The TRPG 5.005 Help List FAQ

II. autoexec.cs

A. Creation.
      The file "autoexec.cs" is not present in your tribes directory when you install tribes freshly new, or uprgade tribes to the RPG mod.
      You will need to create it by right-clicking in the target folder (covered in sub-section B of this section) and select "new text document." A file will pop-up called "new text document.txt."
      If there is not a .txt on the end of the file then: open a folder, go to the "View" menu, then "Folder Options," and once in the Folder Options box, click the tab called "View." In the "advanced settings" dialogue area, make sure "hide file extentions for known file types" is not checked. Then where is says "Folder Views" in the same screen, click on "Like Current Folder." This will make your "New Text Document" have a .txt on the end.
      Right-click on the file "New Text Document.txt" and select "rename." Change the "New Text Document.txt" to "autoexec.cs," and viola!
      Now you have an autoexec.cs file.

B. Placement.
      Where do you put the autoexec.cs file? Create the autoexec.cs file in the target folder of "c:\dynamix\tribes\rpg" (or wherever you installed tribes rpg to.) This way, every time you launch "tribes.exe -rpg" you will automatically have your autoexec.cs executed for you for the RPG mod.
      If you want to execute this file (or others you may have made with.cs ending) manually, you can go to the console by pressing the tilde ( ~ ) and typeing: " exec("filename"); " and pressing enter. This will execute whatever file is in the "filename" part of the syntax. This can be helpful if you a have many different "keybindx.cs" files (like I do) or are running an RPG server and want to be able to execute custom quests script files on your own, rather than when the autoexec.cs file runs.

C. Editing and Keybinding.
      Now you may be wondering what in the world you have this file for, right? Well, you can use it to do a variety of things, the most common of which is edit your key-binds, or launch a script automatically for you every time you start up tribes.exe -rpg.
      To edit it, simply open it up in text editor or wordpad and add whatever execution(s)/keybind(s) you want to the file.
      Telling autoexec to execute an other file:
      To execute a script you wrote automatically, open up autoexec.cs and add the following:
      Now, every time you load tribes.exe -rpg, the file myscript.cs will also load up automatically for you. Replace the text "myscript" with whatver .cs file you have made and want to execute automatically every time.
      To start out, keybinding is your best bet for understanding the importance of this file. You can use keybinds to add one-touch accessibilty to player and admin commmands.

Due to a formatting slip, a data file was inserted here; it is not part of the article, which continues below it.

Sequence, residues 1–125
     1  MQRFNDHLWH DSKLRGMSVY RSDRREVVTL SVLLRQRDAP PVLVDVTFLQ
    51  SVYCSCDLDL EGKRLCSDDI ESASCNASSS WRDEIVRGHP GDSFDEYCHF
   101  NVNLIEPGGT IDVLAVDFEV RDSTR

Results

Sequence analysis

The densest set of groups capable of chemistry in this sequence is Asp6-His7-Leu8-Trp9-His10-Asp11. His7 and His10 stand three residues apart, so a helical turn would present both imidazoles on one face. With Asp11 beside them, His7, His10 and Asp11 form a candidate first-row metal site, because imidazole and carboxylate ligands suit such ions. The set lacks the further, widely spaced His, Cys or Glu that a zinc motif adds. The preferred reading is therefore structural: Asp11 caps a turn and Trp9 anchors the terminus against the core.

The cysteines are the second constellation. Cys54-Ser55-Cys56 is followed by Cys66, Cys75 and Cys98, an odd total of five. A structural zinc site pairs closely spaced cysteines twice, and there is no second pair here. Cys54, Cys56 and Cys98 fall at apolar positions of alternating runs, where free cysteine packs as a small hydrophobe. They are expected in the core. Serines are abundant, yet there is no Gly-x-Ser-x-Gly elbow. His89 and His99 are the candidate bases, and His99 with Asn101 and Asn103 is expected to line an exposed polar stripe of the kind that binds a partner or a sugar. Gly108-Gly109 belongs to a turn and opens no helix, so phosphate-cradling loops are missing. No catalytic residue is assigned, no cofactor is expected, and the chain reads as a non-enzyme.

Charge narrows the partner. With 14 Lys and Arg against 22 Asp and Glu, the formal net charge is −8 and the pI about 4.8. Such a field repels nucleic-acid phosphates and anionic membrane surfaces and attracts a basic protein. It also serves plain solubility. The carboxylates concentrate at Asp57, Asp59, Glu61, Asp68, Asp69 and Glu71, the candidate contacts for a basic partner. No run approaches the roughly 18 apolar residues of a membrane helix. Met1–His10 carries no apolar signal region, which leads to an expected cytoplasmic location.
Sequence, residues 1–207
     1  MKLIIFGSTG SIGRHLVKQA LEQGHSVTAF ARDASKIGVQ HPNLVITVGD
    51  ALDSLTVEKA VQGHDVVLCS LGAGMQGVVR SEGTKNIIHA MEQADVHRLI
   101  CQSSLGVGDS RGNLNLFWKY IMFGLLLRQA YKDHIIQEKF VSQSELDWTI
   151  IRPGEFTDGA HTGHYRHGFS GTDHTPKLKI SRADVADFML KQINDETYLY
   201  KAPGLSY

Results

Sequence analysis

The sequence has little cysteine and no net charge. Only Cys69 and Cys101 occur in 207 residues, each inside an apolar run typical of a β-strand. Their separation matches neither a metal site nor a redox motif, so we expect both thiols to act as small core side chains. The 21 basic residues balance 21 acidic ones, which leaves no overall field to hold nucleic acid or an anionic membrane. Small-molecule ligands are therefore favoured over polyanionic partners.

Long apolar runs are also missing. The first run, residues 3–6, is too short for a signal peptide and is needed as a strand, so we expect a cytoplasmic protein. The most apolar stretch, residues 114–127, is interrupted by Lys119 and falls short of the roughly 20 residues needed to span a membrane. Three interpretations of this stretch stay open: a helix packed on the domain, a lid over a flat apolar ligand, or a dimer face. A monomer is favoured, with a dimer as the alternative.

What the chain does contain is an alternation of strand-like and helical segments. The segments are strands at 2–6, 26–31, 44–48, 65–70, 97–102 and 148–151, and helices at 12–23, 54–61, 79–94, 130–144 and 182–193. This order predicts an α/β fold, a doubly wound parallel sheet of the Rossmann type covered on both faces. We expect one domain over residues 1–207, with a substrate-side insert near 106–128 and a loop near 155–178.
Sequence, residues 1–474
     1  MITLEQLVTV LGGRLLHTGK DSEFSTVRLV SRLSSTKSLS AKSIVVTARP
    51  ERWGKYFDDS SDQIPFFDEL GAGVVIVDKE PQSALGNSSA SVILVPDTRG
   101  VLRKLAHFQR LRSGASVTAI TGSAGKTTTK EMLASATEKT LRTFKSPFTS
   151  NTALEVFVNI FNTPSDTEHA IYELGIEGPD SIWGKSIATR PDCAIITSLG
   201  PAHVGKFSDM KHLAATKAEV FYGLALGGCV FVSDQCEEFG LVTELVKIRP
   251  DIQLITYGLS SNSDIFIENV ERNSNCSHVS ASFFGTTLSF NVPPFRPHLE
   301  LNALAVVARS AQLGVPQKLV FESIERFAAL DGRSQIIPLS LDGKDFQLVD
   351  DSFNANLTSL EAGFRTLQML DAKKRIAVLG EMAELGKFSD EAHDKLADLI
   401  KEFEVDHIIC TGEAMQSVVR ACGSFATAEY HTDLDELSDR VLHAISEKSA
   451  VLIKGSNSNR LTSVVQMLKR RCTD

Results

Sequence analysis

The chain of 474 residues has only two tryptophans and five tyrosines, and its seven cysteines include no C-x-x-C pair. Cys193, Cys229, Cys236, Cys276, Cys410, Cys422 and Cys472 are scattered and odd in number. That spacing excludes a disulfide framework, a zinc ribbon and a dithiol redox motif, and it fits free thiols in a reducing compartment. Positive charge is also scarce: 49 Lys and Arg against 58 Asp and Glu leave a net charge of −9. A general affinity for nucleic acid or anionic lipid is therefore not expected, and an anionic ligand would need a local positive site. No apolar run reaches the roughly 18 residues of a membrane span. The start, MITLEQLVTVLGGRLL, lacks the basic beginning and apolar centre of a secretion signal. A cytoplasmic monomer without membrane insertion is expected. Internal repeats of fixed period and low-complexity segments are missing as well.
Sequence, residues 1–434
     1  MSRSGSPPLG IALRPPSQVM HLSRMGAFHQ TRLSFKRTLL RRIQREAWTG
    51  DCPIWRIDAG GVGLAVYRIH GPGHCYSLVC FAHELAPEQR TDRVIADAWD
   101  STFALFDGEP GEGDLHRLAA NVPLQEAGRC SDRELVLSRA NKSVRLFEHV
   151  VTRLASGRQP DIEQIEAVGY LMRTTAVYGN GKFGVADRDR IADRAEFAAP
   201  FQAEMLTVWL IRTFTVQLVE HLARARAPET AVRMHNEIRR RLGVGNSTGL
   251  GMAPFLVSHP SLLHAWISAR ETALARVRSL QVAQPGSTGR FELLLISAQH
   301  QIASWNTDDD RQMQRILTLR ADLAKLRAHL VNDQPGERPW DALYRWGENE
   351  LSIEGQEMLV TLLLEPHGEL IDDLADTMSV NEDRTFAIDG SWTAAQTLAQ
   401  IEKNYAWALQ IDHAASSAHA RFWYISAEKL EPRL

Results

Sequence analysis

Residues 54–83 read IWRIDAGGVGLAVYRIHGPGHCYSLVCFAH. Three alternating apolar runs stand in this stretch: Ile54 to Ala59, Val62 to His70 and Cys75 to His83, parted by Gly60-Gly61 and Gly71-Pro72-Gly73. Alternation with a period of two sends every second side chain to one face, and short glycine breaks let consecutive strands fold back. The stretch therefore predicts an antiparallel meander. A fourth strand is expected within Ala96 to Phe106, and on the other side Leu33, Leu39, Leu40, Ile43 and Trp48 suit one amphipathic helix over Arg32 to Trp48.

Adding the player command "#cast heal" bind to the "0" key of the keyboard:
      Open up the autoexec.cs file and put the following line in just before your section of keybinds:
      Next, you will need to use the following line to insert the keybind:
bindCommand(keyboard0, make, "0", TO, "remoteeval(2048, say(0, \"#cast heal\"));");
      It's as easy as that. To change the key it uses, or what spell it says, just make a new line with different info in each of those fields.
      What if you can't figure out the name to a key on your keyboard?
      Well, you can simply start up tribes, go to options, use the built-in keybiner (setup your controls buttons) and click on built-in command to bind to (deploy becon for this example) then press the button you are trying to figure out. Exit the controls menu, and tribes.
      Now go to your "/tribes/config/" folder and using notepad, wordpad or other txt file editor open up the file called "config.cs". Look for the line that contains your "beacon" bind, for this example:
bindCommand(keyboard0, make, "delete", TO, "use(\"beacon\");");
      Now you know that the button you pressed to bind the beacon is called "delete" by the tribes program, and can set this to a new function, other than:
      For example, you could change the delete key to execute the #meditate command for you whenever you press it by adding this line to your autoexec.cs file keybinds section:
bindCommand(keyboard0, make, "delete", TO, "remoteeval(2048, say(0, \"#meditate\"));");
      Here is a good example of how to use your autoexec.cs file for a set of keybinds:
bindAction(keyboard0, make, "x", TO, IDACTION_MOVEFORWARD, 1.000000);  //autowalker
bindCommand(mouse0, make, button1, TO, "postaction(2048,IDACTION_FIRE1,-0);");  //auto fire
bindCommand(mouse0, make, button2, TO, "remoteeval(2048, say(0, \"#cast beam\"));");   //beam
bindCommand(keyboard0, make, "rcontrol", TO, "use(\"Energy Vial\");");   //use energy vial
bindCommand(keyboard0, make, "ralt", TO, "use(\"Crystal Blue Potion\");");   //use crytal blue potion
bindCommand(keyboard0, make, "delete", TO, "remoteeval(2048, say(0, \"#meditate\"));");   //meditate
bindCommand(keyboard0, make, "end", TO, "remoteeval(2048, say(0, \"#wake\"));");   //wake
bindCommand(keyboard0, make, "numpad1", TO, "remoteeval(2048, say(0, \"#cast thorn\"));");   //thorn
bindCommand(keyboard0, make, "numpad2", TO, "remoteeval(2048, say(0, \"#cast fireball\"));");   //fireball
bindCommand(keyboard0, make, "numpad3", TO, "remoteeval(2048, say(0, \"#cast firebomb\"));");   //firebomb
bindCommand(keyboard0, make, control, "0", TO, "remoteeval(2048, say(0, \"#cast shield\"));");   //shield